By: Daisy Lee、Jianne SorianoEdited by: Daisy Lee、Jianne Soriano

Culture & Leisure

Hip-hop geeks leap forward with local rap battles

  • The Young Reporter
  • By: Daisy Lee、Jianne SorianoEdited by: Daisy Lee、Jianne Soriano
  • 2017-10-26

At eleven o'clock on Saturday night, when it's past bedtime for the city, the nightlife hub in Hong Kong's Lan Kwai Fong just kicked off its day. Standing at the entrance of an underground club, Hector "SCF-SAiNT" Telmo, in a plain black t-shirt with the words "Straight Outta Home Kong" was busily distributing leaflets for his hip-hop show held later night. Unlike others, he's looking for the chance to break the deadlock of hip-hop on the 'cultural desert' by organising regular rap battles in Central hipster clubs. Straight Outta Home Kong is a underground music project co-founded by two non-Chinese rappers, Telmo and Mohit "DJ Mojito" Kailandasani. Telmo has been stuck for a while in developing his career as a rapper. "Nobody opened the doors for us, nobody gave us opportunities. We felt like outcasts, so our mission was 'how do we bridge the gap, how do we connect, how we get to work with them,'" he said. Though the road to success is not as simple as he expected, the 25-year-old didn't stop. Instead, he started searching for way-out for his fellows—to connect Cantonese, English and Tagalog rappers, who were also looking for a place in the hip-hop industry for a long time. "Now that there's a platform, an opportunity and the fact that the younger generation can see this...at least they have something to look up to, especially on the ethnic minority side," he added. Invited by Telmo, Eric "Heartgrey" So, a Hong Kong beatboxer who debuted about 10 years ago, sees hip-hop battles held in bars as a chance 'to show [their] passion and energy to the local people'. "It's already hard to do music in Hong Kong so if there's a platform...why don't you perform and participate?" Describing the times when he was still starting as …

Health & Environment

Two out of 40 prepackaged juices found to contain mycotoxin

  Consumer Council said two of prepackaged juices samples were tested positive for patulin, a mycotoxin a UN committee on Food Additives say could suppress immunoreactions, damage nerves and affect the development of infants. Although patulin is commonly present in decaying fruits, especially apples, "the risk is higher in juices because mould cannot be seen", said council spokesman Michael Hui King-man. The distributors have instantly removed the two cold pressed apple and blended apple juices, in which the amount of patulin have exceeded the Centre for Food Safety's action level. The council also found that the dietary fibre content of all 40 samples, including those with fruit pulps claims, was lower than the detection limit of less than 1.1g/100ml of fruit juice. Vitamin C content in apple juices was also found generally lower than 2mg/100ml, whilst that in orange juices, on the whole, was higher, ranging from 11 to 52mg/100ml. High sugar content in all samples also entailed that they are "not deemed as a low-sugar food" under Hong Kong's current nutrition labelling standards. For the sample with the most sugar, drinking 1 bottle of 360ml of juice would amount to 46g of sugar intake. In other words, it is equivalent to 92% of an adult average daily intake of 50g free sugars limit. The council urged consumers not to substitute fruit juice for fruit because juices contain less vitamin C and fibre but are more expensive. Reported by Holly Chik Edited by Daisy Lee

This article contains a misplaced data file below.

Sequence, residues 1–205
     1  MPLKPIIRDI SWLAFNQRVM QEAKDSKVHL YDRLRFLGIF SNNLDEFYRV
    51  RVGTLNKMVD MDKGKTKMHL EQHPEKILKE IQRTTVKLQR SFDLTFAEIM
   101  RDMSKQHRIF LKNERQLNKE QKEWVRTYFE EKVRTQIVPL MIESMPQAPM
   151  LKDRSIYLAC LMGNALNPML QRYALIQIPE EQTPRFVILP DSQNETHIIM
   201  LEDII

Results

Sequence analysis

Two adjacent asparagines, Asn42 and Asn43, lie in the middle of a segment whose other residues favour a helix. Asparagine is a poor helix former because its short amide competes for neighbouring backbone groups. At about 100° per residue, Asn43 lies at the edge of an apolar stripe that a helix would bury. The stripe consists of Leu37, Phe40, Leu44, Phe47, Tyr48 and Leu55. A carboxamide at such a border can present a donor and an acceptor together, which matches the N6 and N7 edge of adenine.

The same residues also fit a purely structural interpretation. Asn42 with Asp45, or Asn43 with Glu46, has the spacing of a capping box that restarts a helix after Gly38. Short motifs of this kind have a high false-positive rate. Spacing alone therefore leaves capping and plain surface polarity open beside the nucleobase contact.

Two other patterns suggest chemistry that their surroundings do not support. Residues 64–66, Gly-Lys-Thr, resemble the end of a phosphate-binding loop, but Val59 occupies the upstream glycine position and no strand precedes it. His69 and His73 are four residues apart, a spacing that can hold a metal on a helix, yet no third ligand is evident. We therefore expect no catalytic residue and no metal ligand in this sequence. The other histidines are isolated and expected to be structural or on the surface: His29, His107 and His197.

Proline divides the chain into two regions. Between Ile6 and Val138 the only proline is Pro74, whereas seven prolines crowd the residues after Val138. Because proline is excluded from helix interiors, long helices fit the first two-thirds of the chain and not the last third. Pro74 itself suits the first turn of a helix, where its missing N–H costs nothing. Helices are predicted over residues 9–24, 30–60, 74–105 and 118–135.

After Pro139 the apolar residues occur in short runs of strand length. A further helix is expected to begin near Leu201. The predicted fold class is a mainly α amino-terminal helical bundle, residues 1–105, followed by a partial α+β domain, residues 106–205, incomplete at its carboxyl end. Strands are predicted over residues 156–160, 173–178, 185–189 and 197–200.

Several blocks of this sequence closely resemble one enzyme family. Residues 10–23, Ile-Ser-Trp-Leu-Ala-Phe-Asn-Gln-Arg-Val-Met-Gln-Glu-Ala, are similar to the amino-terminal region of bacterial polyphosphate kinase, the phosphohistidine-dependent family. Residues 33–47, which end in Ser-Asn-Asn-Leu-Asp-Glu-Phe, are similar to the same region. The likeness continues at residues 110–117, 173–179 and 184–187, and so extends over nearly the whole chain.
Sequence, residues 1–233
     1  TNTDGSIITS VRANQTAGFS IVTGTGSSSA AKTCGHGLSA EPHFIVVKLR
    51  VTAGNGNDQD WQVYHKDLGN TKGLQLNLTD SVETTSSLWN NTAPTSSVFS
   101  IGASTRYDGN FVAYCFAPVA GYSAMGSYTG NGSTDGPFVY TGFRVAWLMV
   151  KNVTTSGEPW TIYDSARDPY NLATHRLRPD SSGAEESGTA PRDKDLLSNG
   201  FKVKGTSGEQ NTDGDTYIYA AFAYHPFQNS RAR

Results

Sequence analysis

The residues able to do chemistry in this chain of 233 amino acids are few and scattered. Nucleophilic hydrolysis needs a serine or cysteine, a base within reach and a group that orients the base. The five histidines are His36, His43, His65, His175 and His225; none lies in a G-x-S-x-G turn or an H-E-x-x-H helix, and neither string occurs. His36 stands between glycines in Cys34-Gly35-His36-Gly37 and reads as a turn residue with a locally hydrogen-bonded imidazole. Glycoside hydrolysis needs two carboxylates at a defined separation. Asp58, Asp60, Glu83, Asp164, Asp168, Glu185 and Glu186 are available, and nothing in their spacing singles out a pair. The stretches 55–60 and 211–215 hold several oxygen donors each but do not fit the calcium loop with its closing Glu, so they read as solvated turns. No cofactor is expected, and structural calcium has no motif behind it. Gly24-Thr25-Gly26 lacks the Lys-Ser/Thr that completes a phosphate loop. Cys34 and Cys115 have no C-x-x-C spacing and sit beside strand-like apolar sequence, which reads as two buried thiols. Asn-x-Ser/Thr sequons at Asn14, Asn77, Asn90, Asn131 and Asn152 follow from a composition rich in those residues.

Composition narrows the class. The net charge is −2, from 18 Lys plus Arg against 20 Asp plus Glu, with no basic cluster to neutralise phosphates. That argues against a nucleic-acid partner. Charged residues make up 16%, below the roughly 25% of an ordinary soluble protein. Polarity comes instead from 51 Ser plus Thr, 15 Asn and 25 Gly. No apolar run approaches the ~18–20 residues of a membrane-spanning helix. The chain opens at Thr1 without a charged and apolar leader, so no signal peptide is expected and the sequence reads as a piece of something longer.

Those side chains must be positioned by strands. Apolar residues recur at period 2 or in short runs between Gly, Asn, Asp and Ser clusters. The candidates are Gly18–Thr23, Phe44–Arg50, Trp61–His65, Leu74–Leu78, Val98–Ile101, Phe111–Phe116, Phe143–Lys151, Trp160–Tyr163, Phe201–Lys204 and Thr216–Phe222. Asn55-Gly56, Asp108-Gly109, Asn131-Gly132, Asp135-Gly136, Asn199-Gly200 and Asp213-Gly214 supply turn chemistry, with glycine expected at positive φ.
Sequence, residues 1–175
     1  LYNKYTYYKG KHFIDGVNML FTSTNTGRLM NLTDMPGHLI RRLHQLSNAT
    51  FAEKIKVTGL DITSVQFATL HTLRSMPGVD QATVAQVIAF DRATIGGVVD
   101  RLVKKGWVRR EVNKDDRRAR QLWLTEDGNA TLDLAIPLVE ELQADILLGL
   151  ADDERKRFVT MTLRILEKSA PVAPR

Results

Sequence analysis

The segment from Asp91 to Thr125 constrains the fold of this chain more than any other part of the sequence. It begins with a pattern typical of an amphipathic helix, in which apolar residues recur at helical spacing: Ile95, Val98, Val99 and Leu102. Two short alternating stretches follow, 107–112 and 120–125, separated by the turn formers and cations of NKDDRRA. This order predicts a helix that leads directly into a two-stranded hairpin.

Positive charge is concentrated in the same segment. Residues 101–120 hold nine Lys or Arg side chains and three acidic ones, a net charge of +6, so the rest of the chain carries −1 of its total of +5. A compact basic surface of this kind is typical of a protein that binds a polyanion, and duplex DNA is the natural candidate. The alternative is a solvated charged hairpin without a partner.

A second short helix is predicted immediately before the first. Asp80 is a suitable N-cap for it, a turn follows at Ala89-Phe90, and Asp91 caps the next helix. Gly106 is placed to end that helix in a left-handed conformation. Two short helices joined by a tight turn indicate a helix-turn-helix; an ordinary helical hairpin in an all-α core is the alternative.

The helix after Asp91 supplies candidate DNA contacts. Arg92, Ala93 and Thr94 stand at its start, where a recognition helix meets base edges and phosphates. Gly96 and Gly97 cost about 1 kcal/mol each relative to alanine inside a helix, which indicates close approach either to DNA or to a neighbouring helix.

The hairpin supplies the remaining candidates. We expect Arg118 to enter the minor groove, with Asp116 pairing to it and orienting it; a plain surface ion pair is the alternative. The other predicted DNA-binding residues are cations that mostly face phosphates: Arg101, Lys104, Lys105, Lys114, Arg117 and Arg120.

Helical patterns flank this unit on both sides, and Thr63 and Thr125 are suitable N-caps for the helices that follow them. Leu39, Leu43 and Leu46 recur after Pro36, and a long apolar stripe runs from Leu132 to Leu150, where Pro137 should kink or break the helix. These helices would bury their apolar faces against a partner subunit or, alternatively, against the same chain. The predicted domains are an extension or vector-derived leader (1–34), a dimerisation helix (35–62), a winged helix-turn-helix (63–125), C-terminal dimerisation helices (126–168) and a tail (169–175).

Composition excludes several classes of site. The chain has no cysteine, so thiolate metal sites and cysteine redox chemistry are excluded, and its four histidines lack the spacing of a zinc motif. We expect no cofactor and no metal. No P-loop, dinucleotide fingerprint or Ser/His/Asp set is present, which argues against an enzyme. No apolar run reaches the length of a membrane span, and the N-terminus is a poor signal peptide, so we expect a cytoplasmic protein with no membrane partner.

Silent voice of Russian graffiti

  • 2017-10-12
  • The Young Reporter
  • By: Nicole Kwok、Daisy LeeEdited by: Nicole Kwok、Daisy Lee
  • 2017-10-12

Street art is never welcomed in Russia. With high level of censorship, the authoritarian country does not allow much expression amid the existence of discontented undercurrents. Some said russian graffiti first took off in the days when the Western influences, especially American cultures, were introduced in the USSR. To be exact, breakdancing, derived from American hip-hop movies, partially brought the beginning of Russian graffiti subculture in the 1980s. Breakdancers became graffiti artists as they have to create eye-catching backdrops for performances. At the same time in late Soviet period, graffiti became a rebellious medium for the public, especially youth, to express non-conformity. Russian hippies use walls to share ideas of peace and kindness, while pacifists and anti-war groups began to use graffiti as a way to spread moral wrongs of war and their opposition to the Soviet Union in declaring war in Afghanistan. Russian graffiti artist Dmitri Aske once wrote, "A city is a large sandbox, and graffiti is one of the ways of existing within that sandbox." He thinks that street arts, graffitis or patriotic drawings on the facade or fences of Russia reflects currents events of the place. In Russia, ‘Bombing' is an important expressing method for local graffiti artists. It is a technique of quickly covering large areas with graffiti by tagging public transports, such as trains, or simply a whole street. Legal liability is one of the crucial concerns for graffitists all over the world. Though there is no typical law regulating graffiti in Russia, some Russian lawyers pointed out that anyone who is caught for painting graffiti can still be penalised by law enforcement under criminal code. Hurriyet Daily News reported in 2013 that Russian police had pressed charges of vandalism and graffiti which mocked Vladimir Putin, the president of Russia.  According to the law, …

National day firework draws hundreds of thousands

  • 2017-10-02